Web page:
A friend of mine just told me that he was at the bike shop looking at a Cervelo P4 or something from the Trek Concept 9 series, the cheapest of which is shown here. This friend, while he has competed in triathlons before, has not competed in any this year or last. I’ll be honest, I sometimes feel a little competitive with him.
Having just told him that I was planning on racing the Chesapeakeman 140.6 next September, I was expecting a bit of a challenge from him and his soon to be new bike. Let me remind those of you who may not know, I currently ride a 2010 Trek 1.2 that I got on clearance for $680 or so. Needless to say, I started to feel that competitive fire growing inside me. I quickly reminded myself that without riding a Ferrari of a bike several times a week, it’s unlikely to do the rider much good, and that the engine is what is most important, not the bike.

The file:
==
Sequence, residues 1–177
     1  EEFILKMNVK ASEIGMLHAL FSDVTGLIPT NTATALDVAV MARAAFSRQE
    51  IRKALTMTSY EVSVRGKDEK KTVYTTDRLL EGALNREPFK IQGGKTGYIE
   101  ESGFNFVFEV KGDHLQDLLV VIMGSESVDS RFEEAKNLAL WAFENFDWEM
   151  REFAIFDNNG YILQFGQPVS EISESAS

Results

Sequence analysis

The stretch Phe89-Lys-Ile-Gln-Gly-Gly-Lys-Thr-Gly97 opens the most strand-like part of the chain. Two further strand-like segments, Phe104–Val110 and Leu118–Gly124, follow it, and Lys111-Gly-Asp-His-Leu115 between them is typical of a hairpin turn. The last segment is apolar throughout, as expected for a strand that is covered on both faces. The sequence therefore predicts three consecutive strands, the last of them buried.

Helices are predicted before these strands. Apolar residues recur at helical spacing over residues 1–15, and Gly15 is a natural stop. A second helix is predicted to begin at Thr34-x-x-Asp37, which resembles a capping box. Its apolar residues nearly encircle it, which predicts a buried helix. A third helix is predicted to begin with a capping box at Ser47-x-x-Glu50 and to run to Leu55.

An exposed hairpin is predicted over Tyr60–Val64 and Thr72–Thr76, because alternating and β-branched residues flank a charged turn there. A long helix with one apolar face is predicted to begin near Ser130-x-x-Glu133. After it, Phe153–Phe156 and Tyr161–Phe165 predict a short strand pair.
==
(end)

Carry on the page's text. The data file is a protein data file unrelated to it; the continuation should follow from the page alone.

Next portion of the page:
Anyway, the point of this post was to remind you, and more importantly myself, of what I know about how to get faster, or at least fast enough to beat Steve if we ever race the same course:
- My body composition is still not what it should be to maximize speed. I’m 6-3 and weigh about 215. I would certainly be faster at 200 lbs or less.
- With my new Cycleops Fluid 2 trainer in full swing over the coming winter, I will likely beat anyone who doesn’t ride all winter long, but it’s up to me to wear that machine out as best I can.
- Making sure that I maximize the quality of my runs will make me faster. I know they all can’t be perfect, but if I can stay hydrated and keep my nutrition straight, more of them will be classified as good runs and that is very important.
Whatever happens I can say this, my fire has been fueled and that will almost definitely result in a fitter and faster me. For that, I’m grateful!